‘Merry Christmas from Hegel’ by Anne Carson

Another Christmas story, and another story by a poet, and another story that many may just think is a poem, but I would argue again it meets the definition I go by as having a beginning, middle, and an end, and there is a point of tension within it. Carson is one of my favourite writers, and I don’t often think of her as a poet, more of an adventurer, an explorer, and language is her forbidden planet. I think ‘Merry Christmas from Hegel’ is one of the most effecting and lingering explorations of grief and loneliness that I have ever read. Just like the narrator, you don’t have to understand Hegelian philosophy to get what is being done here. Language, its knots and strands, is being used to push a boulder up a hill, not, necessarily, to unpick and explicate existential critical theory (did I just call Hegel an existentialist? – see, I told you you didn’t need to understand any of it to get the point). What blows me away about this story is the emotional journey we go on, from grief to quiet exuberance, all via a deep dive in Hegelianism and the art of building snowmen.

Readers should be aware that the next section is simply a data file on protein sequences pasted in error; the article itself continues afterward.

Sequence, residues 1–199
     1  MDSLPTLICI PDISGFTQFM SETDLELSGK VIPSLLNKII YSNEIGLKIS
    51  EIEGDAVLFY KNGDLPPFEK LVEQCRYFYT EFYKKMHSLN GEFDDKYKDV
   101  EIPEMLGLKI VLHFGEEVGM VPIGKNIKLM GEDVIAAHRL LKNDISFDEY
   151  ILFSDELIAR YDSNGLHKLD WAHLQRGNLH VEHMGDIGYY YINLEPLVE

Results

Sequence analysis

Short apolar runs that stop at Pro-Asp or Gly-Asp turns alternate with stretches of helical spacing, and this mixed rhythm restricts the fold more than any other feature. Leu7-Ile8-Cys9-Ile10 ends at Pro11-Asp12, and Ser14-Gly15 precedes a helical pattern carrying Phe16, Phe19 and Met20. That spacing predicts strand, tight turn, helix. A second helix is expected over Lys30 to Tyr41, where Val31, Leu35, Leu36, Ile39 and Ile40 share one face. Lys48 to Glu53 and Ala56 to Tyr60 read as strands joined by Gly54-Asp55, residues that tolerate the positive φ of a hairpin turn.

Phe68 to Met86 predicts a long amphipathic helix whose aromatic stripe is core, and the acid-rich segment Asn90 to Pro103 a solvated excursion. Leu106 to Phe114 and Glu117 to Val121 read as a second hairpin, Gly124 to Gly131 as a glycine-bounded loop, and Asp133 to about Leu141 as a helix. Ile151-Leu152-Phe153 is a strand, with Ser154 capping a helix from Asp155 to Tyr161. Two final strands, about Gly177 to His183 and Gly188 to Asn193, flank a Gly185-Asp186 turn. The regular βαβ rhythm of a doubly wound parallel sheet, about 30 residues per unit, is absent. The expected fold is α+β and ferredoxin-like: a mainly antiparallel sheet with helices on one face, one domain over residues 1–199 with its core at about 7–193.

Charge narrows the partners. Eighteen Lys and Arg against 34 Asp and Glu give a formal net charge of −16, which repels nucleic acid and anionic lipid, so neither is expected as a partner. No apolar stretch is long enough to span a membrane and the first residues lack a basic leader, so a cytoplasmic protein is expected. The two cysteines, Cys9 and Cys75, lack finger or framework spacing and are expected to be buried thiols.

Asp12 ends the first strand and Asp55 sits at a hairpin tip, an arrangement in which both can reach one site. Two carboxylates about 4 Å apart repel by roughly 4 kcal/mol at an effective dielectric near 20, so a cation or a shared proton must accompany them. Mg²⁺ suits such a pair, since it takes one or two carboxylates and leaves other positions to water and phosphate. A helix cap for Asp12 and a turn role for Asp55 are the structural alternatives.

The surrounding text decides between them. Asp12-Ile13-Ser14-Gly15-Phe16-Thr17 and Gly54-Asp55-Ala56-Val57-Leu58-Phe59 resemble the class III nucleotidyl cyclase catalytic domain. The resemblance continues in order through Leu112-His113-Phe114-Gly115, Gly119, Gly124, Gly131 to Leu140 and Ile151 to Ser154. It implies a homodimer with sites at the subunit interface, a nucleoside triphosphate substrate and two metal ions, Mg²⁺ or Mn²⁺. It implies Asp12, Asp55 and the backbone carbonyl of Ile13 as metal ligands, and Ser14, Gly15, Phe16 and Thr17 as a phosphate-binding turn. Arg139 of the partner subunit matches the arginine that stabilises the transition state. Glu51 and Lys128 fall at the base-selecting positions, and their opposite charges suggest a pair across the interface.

First published in Float, Cape, 2016. You can hear Carson read it here

‘The Glass Essay’ by Anne Carson

I have a soft grey notebook, filled with things I can’t say out loud, things I daren’t write anywhere else. When I think about attempting to write something on the scale of Carson’s Glass Essay, I laugh at my impudence. Some things need to live (or die) a little more before they’re ready.

From Glass, Irony and God, New Directions, 1995. It is also available online here.

‘The Glass Essay’ by Anne Carson

I have an ambivalent relationship with Anne Carson’s writing, finding much of it uneven (there is quite a lot of it), but the best, which is this hybrid work, is assured and disturbing. Carson uses free verse to explore the inner weather of a woman recovering from the ending of a serious relationship. She visits her mother accompanied by the books and spirit of her favourite author, Emily Brontë. Reflections on Brontë are interwoven with elucidation of the narrator’s mental state and evocations of the “moor in the north”. The melancholy of the monologue is relieved by Carson’s trademark wit.

From Glass, Irony, and God, New Directions, 1995. It is also online here